- Subglacial liquid water lake detected on Mars
- The lake is 20-kilometer wide and one meter deep
- The lake was detected by Mars Advanced Radar for Subsurface and Ionosphere Sounding onboard Mars Express spacecraft
A 20-kilometer wide liquid water lake with an estimated depth of no more than one meter was detected on planet Mars.
According to Popular Mechanics, the lake was detected by MARSIS (Mars Advanced Radar for Subsurface and Ionosphere Sounding), the ground-penetrating radar on board the European Space Agency’s Mars Express spacecraft, which has been orbiting Mars since December 2003.
The lake is about one and a half kilometer under the icy surface of the red planet near its south pole.
The lake is salty, according to an Italian scientist involved in the Mars research.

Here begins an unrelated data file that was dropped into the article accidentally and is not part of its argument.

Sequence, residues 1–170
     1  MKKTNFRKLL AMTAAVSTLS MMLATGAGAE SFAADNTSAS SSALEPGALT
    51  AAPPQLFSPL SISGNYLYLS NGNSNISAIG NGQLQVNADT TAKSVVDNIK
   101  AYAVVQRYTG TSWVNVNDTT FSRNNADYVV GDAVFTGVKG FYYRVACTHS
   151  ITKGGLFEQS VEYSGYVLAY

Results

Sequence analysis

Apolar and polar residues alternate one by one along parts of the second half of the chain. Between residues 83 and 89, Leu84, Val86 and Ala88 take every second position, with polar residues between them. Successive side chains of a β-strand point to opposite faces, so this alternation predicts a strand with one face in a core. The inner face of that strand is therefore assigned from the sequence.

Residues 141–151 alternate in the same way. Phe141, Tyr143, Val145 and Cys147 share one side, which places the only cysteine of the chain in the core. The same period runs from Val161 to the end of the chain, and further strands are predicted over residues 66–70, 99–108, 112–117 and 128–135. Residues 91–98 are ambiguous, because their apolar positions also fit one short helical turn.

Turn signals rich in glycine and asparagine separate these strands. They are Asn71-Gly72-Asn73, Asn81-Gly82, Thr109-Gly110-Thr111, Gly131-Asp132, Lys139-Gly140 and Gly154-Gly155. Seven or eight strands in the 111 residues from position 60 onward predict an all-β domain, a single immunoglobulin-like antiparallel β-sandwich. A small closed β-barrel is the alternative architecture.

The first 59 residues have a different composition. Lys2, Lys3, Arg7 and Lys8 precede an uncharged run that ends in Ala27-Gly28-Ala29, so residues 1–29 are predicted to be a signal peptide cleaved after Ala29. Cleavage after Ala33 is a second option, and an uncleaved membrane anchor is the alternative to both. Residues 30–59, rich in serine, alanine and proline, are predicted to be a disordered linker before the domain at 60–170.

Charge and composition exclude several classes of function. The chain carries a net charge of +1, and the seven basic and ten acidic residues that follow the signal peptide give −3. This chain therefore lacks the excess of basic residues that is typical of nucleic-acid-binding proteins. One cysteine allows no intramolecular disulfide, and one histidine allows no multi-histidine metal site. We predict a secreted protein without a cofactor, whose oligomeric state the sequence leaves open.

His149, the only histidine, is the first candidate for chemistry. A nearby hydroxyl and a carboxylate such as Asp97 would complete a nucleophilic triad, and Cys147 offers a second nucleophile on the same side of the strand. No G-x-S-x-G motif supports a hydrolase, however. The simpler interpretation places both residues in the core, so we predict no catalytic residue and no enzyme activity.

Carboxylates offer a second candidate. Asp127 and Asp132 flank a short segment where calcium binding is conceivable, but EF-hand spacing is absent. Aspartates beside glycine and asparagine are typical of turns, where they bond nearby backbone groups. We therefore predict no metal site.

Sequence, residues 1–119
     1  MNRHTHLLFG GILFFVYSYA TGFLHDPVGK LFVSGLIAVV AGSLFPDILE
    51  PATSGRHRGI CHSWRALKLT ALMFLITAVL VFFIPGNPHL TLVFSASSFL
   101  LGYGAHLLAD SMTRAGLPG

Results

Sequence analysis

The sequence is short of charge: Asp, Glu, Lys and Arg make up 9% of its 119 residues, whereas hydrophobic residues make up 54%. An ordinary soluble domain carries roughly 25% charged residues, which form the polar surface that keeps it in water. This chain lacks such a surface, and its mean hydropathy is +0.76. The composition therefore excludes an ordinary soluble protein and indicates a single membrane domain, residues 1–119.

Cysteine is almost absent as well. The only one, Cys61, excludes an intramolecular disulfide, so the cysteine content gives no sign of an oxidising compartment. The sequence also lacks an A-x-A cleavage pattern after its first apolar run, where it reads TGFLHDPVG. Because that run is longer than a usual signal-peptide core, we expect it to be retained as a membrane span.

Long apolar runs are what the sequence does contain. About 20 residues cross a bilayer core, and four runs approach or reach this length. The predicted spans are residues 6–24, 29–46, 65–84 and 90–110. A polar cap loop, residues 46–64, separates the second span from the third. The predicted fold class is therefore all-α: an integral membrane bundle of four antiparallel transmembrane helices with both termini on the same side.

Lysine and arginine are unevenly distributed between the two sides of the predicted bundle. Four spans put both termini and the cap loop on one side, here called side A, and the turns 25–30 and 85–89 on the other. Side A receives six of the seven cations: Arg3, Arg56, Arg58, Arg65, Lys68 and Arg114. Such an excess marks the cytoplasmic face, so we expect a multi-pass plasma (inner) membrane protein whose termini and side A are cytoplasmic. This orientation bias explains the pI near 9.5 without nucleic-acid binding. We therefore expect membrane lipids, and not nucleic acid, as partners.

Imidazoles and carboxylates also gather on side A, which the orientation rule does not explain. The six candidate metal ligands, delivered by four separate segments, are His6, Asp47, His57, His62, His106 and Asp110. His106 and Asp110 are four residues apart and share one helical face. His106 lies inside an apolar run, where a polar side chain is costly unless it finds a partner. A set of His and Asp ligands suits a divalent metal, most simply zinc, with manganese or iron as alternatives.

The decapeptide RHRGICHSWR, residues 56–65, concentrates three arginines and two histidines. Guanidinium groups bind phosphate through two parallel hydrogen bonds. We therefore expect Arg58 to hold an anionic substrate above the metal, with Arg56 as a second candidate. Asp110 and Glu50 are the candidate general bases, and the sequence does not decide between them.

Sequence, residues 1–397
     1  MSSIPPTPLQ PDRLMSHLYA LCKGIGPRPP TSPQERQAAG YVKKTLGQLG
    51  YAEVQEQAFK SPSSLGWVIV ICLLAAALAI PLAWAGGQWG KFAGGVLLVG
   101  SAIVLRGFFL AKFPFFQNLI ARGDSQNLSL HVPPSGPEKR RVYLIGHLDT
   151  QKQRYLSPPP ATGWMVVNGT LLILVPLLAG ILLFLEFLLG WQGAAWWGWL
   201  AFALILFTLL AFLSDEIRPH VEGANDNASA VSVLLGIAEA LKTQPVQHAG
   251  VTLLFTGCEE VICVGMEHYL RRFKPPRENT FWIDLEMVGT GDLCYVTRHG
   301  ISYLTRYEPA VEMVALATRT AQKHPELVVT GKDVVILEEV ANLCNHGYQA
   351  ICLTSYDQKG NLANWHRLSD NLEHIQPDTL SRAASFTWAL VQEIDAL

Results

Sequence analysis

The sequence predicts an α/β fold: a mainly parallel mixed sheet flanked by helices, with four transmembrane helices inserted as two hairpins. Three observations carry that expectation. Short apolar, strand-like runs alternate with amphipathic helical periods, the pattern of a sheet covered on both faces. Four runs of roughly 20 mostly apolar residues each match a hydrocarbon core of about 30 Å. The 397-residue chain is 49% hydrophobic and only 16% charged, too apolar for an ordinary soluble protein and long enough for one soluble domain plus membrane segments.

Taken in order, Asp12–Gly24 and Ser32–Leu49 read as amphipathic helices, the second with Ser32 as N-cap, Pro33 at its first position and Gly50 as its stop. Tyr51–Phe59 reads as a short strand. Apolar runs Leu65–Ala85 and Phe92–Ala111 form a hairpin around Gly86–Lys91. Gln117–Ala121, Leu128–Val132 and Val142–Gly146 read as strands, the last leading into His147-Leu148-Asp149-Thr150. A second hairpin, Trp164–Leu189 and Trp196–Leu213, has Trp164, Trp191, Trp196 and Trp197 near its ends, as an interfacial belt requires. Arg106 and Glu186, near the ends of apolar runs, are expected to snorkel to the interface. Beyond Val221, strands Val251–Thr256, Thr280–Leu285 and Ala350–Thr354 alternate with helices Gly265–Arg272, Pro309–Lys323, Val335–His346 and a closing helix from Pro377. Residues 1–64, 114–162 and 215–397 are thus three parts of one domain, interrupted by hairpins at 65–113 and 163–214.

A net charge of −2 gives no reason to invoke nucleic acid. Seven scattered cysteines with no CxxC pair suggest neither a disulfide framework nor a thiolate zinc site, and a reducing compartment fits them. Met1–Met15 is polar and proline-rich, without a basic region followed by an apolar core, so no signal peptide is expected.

“It is liquid, and it’s salty, and it’s in contact with rocks. There are all the ingredients for thinking that life can be there, or can be maintained there if life once existed on Mars,” Enrico Flamini, the former chief scientist of the Italian Space Agency who oversaw the research.
Fred Watson of the Australian Astronomical Observatory, who is not part of the research, said the discovery of the subglacial lake is bound to heighten speculations about life forms on Mars. He said caution must be exercised as the concentration of salts needed to keep the water liquid could be fatal for any microbial life similar to Earth’s.
Roberto Orosei, a co-investigator of the MARSIS instrument at the University of Bologna in Italy and lead author of the new study, said that a follow-up observation must be conducted to confirm the existence of the subglacial lake.
He said the liquid water lake detected by MARSIS has not been detected by another radar orbiting Mars onboard the National Aeronautics and Space Agency’s Mars Reconnaissance Orbiter.